Bowhunting for Turkeys: Find a Late-Season Lover
Ultrarealistic decoys and new tactics are helping bowhunters bag more toms than ever. Here’s how to get in on the action.
One-on-One Waiting Game
Decoy needed: standing hen
Later in the season, when many hens are nesting, gobblers are running solo and still in the mood. They’re often pushovers for good calling and easy pickings for shotgunners. But they’re some of the toughest birds to kill with a bow.
You never know what is on a solo gobbler’s mind—certainly some illicit things we can’t print, but he may not be in a fighting mood. A single hen is the safest decoy bet. Trouble is, a gobbler’s response to a hen decoy is usually slow, with lots of strutting and studying before fully committing. To counter this, offset your hen slightly from your position so that a gobbler has to walk past your flank to get to it, and face it toward him, quartering slightly away from you. It doesn’t hurt to place her a little farther out—up to 20 yards away—to reduce the chance of the gobbler’s seeing you before he gets to her.
You need to be hidden perfectly. If there’s not time to set a blind, consider wearing a ghillie suit. Joe Lacefield, a Kentucky wildlife biologist, is an avid archery hunter for turkeys with 30-plus bow birds to his credit. Last year he wore his ghillie suit and killed a turkey with a self bow. “My suit was a cheap one I bought on eBay,” he says. “It’s hot and it snags on brush, but for getting close to critters, there’s nothing like it. That bird walked within 6 feet of me and got on the decoy, and I eased up onto my knees before I shot him.”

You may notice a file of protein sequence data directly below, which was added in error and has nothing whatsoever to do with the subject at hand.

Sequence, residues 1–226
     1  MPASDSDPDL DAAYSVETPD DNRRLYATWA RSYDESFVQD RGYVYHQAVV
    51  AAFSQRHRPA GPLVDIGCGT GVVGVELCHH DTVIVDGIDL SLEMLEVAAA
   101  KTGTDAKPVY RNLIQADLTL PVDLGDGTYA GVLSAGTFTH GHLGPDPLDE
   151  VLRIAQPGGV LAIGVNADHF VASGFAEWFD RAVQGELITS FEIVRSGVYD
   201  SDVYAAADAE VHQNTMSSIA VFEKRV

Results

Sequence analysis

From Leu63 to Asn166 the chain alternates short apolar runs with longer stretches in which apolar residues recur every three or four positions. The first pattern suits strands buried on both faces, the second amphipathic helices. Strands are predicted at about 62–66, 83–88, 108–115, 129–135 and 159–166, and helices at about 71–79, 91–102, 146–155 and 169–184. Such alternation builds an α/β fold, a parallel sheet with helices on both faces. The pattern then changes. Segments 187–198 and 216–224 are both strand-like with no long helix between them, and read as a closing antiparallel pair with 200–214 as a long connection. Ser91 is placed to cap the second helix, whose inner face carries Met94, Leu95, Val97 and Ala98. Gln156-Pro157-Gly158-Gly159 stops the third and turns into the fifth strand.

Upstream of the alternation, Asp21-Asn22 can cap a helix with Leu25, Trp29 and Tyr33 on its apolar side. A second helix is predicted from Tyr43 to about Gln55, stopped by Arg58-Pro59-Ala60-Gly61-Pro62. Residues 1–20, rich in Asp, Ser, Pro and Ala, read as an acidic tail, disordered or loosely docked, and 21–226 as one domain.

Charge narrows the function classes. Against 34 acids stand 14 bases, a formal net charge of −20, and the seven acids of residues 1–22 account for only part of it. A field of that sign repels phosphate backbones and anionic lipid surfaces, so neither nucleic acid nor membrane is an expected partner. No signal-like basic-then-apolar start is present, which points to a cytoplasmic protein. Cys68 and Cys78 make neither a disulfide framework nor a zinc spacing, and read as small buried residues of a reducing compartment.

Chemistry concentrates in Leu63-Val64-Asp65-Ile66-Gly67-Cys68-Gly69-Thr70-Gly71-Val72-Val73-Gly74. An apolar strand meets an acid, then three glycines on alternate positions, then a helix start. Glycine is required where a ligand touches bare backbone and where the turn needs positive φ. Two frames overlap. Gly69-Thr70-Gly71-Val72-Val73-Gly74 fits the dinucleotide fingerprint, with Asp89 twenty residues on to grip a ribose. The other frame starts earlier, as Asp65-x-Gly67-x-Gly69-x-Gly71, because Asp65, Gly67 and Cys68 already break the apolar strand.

If you’re lucky, a solo gobbler will strut when he gets to your hen, and you can draw when his fan is to you. Otherwise, you’ll need to wait until he circles the decoy to breed it or steps behind a tree.
As you’re waiting for a shot—in any of these situations—you’ll realize that you could’ve killed the bird you’re looking at dozens of times with a shotgun. It’s only after you hear the arrow thump and see your bird flopping on the ground that you’ll truly appreciate why you left the gun at home.
There’s a misconception that turkeys are easy to penetrate with an arrow. Truth is, those dense feathers slow a shaft considerably. I used to champion big mechanicals for turkeys, but the more birds I’ve killed, the more I’ve come to prefer a fairly wide (11⁄8-inch) fixed-blade with an aggressive chisel tip, like a Wasp Drone or Muzzy 100. Hit ’em through the vitals with that, and they’ll die within eyeshot.
Photograph by Hazel Creek Inc.